News Briefs

By Natalie Sit

Health Care woes

The provincial government’s current labour laws are the source of health care problems, according to Alberta Federation of Labour President Audrey Cormack.

Under Alberta labour law essential government workers, including health care workers, do not have the right-to-strike. Instead, disputes are resolved through government-appointed arbitration panels.

"By making it illegal for these workers to strike, the government has essentially created an environment in which employers hold all the cards," said Cormack. "The regional health authorities have no incentive to bargain in good faith."

According to Cormack, Alberta health care workers receive less competitive wages when compared to their provincial counterparts because of the labour law and arbitration process.

We’re number two!

Three University of Calgary manufacturing engineer students won second place in an international competition.

The competition, sponsored by the Institute of Industrial Engineers and Rockwell Software, required teams to submit designs for a transportation system for a large amusement park while balancing customer satisfaction with cost.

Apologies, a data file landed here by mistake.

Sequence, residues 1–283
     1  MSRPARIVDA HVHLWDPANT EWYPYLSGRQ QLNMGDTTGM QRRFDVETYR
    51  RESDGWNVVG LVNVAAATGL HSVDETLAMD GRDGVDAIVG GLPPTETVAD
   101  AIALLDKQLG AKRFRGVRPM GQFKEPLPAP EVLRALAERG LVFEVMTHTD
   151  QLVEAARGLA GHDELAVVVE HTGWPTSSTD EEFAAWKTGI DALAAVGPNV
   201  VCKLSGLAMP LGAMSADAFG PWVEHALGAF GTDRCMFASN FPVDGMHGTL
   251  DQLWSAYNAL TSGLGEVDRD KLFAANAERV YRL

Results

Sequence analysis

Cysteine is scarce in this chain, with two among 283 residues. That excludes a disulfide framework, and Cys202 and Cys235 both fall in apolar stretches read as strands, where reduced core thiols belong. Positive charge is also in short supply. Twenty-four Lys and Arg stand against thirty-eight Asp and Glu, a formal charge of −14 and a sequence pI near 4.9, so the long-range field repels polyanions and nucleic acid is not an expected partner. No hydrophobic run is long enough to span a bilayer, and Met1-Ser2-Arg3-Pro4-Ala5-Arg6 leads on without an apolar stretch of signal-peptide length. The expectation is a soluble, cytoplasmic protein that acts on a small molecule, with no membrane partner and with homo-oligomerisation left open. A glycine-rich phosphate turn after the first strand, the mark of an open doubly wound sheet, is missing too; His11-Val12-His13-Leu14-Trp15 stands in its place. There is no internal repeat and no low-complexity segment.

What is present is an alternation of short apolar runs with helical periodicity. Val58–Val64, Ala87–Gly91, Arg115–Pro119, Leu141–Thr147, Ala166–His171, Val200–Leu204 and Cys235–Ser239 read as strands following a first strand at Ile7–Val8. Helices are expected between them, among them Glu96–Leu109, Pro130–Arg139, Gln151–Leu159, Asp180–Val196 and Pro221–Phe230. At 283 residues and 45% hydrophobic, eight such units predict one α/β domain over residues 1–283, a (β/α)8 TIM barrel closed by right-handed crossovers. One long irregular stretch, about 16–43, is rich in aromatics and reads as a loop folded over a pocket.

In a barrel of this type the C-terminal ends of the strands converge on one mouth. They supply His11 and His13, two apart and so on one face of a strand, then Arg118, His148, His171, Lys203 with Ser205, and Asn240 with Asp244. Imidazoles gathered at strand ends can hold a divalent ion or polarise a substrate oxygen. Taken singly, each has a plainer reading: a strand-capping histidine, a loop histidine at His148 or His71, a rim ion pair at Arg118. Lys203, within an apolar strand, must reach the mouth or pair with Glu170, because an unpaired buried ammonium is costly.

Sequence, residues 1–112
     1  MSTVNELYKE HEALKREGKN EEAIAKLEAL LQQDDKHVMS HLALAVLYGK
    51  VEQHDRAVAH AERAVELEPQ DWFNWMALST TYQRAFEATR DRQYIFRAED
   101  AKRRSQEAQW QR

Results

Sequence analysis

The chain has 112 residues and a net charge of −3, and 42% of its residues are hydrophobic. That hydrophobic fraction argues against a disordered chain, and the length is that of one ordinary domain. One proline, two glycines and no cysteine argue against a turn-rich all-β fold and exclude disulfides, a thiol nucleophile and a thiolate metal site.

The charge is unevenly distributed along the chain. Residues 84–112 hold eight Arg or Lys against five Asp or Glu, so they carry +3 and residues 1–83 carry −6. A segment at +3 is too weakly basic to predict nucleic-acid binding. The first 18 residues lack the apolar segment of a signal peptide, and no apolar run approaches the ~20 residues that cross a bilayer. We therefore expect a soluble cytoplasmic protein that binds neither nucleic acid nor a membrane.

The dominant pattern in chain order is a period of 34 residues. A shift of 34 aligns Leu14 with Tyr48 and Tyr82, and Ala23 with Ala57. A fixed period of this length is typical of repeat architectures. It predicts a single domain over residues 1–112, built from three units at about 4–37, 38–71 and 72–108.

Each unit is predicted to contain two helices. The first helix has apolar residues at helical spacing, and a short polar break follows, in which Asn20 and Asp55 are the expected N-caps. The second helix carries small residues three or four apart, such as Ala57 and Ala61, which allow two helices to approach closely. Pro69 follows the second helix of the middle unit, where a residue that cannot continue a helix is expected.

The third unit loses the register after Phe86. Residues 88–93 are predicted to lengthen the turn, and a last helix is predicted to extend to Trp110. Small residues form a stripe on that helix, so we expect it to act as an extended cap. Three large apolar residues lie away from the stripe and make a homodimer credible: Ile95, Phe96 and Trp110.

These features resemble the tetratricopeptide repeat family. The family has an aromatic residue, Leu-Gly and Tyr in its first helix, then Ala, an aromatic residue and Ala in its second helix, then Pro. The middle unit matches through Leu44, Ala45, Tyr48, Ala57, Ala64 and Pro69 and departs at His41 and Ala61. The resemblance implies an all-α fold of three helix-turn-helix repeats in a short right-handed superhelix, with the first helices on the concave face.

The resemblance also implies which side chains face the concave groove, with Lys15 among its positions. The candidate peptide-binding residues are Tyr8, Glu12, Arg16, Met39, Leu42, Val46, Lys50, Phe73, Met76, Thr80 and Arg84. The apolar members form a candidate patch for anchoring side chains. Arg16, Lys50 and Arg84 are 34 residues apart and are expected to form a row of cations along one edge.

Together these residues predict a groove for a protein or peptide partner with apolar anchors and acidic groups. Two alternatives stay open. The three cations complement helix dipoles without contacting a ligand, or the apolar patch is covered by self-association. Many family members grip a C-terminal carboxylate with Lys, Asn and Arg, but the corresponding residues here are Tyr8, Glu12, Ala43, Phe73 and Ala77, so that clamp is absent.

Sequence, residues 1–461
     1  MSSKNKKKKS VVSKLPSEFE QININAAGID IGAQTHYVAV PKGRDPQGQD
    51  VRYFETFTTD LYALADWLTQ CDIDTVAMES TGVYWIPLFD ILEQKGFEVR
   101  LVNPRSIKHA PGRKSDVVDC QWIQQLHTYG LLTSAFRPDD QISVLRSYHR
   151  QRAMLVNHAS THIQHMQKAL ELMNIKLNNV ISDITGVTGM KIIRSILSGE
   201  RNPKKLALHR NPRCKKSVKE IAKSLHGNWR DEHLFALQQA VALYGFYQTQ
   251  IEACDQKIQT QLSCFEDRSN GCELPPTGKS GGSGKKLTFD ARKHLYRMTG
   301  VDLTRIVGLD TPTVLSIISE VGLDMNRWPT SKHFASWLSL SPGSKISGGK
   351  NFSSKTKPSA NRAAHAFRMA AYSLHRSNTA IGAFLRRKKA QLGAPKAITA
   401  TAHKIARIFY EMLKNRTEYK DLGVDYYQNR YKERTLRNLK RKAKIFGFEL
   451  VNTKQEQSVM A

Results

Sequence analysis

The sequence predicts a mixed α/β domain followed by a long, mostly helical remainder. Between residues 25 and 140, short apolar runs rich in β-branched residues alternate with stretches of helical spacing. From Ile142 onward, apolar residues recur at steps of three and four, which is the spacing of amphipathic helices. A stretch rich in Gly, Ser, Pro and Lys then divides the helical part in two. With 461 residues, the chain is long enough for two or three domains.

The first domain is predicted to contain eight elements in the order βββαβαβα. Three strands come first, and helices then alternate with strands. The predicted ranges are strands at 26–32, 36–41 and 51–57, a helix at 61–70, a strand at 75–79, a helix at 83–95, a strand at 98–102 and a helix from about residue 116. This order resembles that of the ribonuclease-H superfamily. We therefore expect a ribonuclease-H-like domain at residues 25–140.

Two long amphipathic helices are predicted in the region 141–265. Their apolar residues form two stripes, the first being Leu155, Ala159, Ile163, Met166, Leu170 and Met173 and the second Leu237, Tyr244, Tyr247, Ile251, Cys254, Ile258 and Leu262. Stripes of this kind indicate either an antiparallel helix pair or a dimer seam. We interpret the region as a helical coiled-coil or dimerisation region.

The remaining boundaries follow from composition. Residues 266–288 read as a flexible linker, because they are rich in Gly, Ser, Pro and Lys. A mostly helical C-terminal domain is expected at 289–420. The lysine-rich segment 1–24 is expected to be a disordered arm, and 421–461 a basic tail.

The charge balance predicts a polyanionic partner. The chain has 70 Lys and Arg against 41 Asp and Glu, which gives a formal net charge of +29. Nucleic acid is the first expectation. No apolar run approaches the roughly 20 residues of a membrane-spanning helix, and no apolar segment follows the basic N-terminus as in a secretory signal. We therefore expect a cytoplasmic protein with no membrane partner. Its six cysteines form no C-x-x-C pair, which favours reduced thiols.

U of C students Ryan Popilchak, Yannai Segal and Jose Salamo, were one of 40 teams from North America to enter a report and a copy of their model. The U of C team joined four other finalists in Phase Two in Cleveland, Ohio.

The University of Central Florida won first place.

Progress in Herald strike

Several issues were resolved on Tuesday in the dispute between the Communications, Energy and Paperworkers Union and the Calgary Herald, including the issue of seniority. In addition, CEP indicated they are willing to change their position on the issue of seniority.

Deputy Minister of Human Resources and Employment Shelly Ewart-Johnson invited the two sides to meet. CEP, on strike now for 210 days, hopes further discussions will lead to a collective agreement.

Prize to help regain "brain drain" losses

The Alberta Heritage Foundation for Medical Research announced a prize to reward top researchers and help keep Canadian scientists in Canada.

Starting July 1, the AHFMR Research Prize will be awarded to researchers who hold an unconditional AHFMR personnel award. Award amounts are either $10,000 or $20,000 per researcher.

"The AHFMR Research Prize was developed with the help of our national and international advisors, university administration and government," said AHFMR Chief Executive Officer and President Dr. Matt Spence. "The AHFMR Research Prize will help our universities gain and retain the brightest and the best."

The AHFMR Research Prize will hand out $2 million along with the $43 million announced in March for the new AHFMR personnel awards.

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